The University of Virginia has won a $3.4 million grant to study pain. The goal is to predict when it will become a problem, and to treat it before this difficult part of illness takes a toll on quality of life for patients and caregivers.
Nursing Professor Virginia LeBaron has cared for cancer patients in this country and in places where pain medication is in short supply. She also nursed a family member who suffered pain during the later stages of cancer, and she knows how difficult it can be for the patient and the caregiver.
“When family caregivers are asked to rank or rate caregiving activities that they find most stressful, pain management is at the top of that list,” she says.
And it’s often provided at home rather than the hospital, so LeBaron set out to find easy ways to monitor patients and their surroundings – to look for patterns that could warn of increasing pain and allow early treatment.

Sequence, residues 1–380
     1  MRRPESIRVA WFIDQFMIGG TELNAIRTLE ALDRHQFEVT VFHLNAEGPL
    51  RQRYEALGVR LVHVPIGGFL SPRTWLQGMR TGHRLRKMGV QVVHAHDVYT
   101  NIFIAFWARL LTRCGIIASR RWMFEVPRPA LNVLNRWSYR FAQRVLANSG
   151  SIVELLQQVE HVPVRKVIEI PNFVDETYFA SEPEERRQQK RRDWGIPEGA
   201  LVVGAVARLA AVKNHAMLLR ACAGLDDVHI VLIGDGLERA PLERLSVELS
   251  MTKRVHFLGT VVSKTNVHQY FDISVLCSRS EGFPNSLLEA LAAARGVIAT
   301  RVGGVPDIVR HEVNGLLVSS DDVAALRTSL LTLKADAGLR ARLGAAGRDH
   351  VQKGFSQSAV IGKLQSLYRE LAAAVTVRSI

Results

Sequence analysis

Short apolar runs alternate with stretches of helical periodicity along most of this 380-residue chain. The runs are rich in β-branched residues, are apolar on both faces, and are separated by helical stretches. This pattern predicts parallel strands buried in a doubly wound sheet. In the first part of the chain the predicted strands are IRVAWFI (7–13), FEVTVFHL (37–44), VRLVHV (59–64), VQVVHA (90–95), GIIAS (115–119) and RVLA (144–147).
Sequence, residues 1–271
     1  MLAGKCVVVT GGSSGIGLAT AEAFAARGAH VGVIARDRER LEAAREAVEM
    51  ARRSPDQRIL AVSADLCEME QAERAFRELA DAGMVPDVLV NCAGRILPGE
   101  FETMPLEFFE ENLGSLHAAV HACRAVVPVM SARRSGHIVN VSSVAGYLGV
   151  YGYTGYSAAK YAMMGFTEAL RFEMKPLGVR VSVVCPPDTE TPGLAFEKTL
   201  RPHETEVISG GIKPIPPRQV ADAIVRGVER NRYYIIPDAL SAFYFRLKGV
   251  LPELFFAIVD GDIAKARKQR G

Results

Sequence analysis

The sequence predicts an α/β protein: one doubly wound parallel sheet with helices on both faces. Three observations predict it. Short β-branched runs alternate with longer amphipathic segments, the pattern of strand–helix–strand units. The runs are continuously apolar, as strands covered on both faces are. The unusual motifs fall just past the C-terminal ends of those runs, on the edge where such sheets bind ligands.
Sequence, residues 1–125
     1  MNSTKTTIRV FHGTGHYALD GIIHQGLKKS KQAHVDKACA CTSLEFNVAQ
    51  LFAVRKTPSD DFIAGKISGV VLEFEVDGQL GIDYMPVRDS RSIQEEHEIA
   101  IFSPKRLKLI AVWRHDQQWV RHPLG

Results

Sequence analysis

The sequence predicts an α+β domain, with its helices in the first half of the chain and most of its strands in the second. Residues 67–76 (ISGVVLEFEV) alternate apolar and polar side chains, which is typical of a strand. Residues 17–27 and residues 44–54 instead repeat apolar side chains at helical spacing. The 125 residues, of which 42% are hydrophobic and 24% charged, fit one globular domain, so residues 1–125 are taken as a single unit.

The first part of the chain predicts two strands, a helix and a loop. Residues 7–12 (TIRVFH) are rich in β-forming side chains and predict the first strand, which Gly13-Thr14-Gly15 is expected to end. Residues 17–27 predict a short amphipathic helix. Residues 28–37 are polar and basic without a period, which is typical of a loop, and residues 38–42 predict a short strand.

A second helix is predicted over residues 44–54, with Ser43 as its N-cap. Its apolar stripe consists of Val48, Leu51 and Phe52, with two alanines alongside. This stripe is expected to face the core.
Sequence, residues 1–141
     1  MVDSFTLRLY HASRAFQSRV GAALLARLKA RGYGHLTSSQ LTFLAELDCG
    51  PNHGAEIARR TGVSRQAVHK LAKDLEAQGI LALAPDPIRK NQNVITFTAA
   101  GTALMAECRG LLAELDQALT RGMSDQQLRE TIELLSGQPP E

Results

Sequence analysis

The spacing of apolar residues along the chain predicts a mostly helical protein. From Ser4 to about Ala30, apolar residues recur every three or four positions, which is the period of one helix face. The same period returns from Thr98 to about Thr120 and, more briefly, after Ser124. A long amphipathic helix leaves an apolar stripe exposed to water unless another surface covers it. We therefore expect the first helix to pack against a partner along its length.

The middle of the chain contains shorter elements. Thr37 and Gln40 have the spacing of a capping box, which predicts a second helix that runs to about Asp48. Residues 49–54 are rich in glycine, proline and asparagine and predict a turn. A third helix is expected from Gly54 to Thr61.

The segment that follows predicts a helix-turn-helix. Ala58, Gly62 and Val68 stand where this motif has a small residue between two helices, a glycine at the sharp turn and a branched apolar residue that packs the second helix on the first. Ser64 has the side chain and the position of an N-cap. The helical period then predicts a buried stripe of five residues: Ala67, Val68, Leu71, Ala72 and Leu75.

“Our environmental sensors are collecting data regarding things such as light and noise and barometric pressure and temperature," LeBaron explains. "When pain events occur we then have this snapshot of the larger context around those events.”
The study through Hospice of the Piedmont and UVA’s Palliative Care Center will also provide patients and caregivers with smart watches so they can answer quick questions about emotional distress, pain and what measures are tried to relieve it.
“On the smart watch there’s a custom application that allows patients and family caregivers to characterize their experience regarding pain and pain management that then allows us to really get a much more complete picture of what that experience is like.”
With the help of a $3.4 million grant from the federal government, LeBaron hopes this research will make life more comfortable for patients and those who care for them at home.
***Editor's Note: The University of Virginia is a financial supporter of Radio IQ.